A portion of the massive Customs house (Aduana de Iloilo).

an interisting bodega-like structure near the city hall annex. The appearance suggest its construction during the American era.

The nostalgic American era theatres (Regent and Eagle) now utilized as modern business offices



The S. Villanueva building (RCBC Bank) in Calle Arsenal

And life was sweeter then: the ciudad and the entire province can thank this money mill of an industry – from this port, Iloílo traded sugar to different nations around the globe.

Ideally, it is better to walk rather than to hire a ride. This way, one can better observe the colonial-styled buildings. The then undisputed sugar capital also became the center of style and culture; the industry spilled its riches on its houses, edifices, and infrastructure. The architectural wonders here are among the finest examples of Filipino architecture that I ever laid my eyes on. The public market, for example, is in art deco style and done with the highest considerations. An amazing mix of colonial Spanish and American structures can be seen around town.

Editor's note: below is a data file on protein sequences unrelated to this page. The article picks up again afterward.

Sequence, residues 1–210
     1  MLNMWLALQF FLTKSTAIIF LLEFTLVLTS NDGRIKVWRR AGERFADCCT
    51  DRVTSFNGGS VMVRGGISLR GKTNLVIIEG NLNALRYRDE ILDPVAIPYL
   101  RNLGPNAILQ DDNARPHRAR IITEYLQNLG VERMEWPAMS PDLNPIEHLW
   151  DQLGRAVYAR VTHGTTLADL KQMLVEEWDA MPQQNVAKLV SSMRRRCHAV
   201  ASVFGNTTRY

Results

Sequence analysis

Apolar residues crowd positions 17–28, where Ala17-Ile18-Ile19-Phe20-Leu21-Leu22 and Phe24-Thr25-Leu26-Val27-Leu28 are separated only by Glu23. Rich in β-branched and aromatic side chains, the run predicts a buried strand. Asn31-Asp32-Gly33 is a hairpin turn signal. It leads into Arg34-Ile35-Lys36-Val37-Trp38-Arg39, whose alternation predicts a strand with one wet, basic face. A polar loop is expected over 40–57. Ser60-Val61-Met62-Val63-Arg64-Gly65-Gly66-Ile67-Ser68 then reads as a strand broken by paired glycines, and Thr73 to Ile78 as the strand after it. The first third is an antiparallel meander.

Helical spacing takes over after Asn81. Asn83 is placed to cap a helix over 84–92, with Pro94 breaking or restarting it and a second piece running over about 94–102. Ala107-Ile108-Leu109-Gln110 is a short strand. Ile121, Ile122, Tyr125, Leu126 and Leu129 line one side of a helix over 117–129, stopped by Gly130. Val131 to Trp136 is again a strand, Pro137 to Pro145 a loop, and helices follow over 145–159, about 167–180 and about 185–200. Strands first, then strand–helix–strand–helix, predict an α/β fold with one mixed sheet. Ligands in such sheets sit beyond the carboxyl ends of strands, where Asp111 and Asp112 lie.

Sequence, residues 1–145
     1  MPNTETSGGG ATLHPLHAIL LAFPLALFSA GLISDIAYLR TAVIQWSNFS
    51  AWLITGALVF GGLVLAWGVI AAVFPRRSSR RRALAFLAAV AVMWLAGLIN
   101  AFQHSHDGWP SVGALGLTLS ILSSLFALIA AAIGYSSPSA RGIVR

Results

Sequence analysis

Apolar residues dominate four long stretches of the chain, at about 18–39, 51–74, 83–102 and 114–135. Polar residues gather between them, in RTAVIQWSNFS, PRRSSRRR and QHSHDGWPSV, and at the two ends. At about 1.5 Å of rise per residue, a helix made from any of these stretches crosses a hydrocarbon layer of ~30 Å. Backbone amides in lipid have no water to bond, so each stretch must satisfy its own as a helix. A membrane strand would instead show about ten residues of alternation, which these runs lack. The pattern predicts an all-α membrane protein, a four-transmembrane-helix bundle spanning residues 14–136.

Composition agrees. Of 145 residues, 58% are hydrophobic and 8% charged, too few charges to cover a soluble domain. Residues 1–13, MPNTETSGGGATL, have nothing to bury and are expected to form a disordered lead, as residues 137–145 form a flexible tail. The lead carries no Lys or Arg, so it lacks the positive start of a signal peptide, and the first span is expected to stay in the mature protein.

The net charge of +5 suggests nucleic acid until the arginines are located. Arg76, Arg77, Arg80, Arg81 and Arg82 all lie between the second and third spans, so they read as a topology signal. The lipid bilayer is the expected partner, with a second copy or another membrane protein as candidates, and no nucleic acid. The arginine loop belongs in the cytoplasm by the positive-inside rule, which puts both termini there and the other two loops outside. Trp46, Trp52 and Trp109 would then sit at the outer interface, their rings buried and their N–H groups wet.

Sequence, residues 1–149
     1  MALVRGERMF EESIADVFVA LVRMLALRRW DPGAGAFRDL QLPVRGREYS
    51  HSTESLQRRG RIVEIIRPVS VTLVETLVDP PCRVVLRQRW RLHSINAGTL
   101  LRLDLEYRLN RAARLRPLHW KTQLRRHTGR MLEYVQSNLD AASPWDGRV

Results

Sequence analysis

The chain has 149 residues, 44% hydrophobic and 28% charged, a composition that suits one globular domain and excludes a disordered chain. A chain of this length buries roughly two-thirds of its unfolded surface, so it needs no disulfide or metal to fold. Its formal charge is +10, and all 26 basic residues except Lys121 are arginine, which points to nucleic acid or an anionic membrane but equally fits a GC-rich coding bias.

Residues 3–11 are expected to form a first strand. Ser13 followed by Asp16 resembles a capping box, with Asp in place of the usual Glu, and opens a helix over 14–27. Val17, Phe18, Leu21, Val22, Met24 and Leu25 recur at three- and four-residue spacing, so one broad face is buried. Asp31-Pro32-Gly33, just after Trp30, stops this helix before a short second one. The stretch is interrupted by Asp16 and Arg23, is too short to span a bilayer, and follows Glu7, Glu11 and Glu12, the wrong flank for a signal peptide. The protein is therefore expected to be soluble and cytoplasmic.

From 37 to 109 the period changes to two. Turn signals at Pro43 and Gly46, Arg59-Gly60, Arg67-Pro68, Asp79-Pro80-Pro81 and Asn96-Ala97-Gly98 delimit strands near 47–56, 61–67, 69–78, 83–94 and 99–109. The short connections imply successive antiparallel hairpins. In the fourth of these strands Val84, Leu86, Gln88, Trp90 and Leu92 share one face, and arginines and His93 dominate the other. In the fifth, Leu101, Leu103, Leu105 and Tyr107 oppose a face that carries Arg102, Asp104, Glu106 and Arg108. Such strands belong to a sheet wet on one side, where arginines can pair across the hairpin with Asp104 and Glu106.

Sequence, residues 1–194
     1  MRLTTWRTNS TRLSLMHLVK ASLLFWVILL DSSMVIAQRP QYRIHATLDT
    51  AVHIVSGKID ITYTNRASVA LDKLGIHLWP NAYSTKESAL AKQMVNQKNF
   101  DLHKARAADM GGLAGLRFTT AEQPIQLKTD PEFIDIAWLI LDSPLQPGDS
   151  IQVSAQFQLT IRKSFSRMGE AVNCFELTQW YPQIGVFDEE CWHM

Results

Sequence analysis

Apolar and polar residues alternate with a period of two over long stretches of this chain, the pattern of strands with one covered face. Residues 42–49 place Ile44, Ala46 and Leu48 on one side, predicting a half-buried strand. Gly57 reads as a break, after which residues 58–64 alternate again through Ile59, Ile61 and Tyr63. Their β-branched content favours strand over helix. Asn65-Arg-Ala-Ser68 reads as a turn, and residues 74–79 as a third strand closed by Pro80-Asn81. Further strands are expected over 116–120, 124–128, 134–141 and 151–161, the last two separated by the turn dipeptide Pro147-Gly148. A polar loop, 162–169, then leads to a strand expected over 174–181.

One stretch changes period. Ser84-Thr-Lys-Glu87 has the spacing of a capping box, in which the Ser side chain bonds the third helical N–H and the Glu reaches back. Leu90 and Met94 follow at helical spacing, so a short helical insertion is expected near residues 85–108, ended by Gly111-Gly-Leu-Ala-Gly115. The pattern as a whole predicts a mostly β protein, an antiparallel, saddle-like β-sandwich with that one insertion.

Let's keep these wonderful relics of our past.

The Celso Ledesma Mansion.

Another Villanueva!

Still in JM Basa, the Pilar building

I sure hope that young people in Iloílo can do a much better job in promoting their province –  the city’s inhabitants actually needs to start promoting its heritage. Being part Ilonggo, I’m mighty proud of its great heritage and culture. A tour of Calle Real or even Calle Sto. Rosario, where many antillian houses remains, would really be an interesting walk. Tourism should not just be a monopoly of government officials.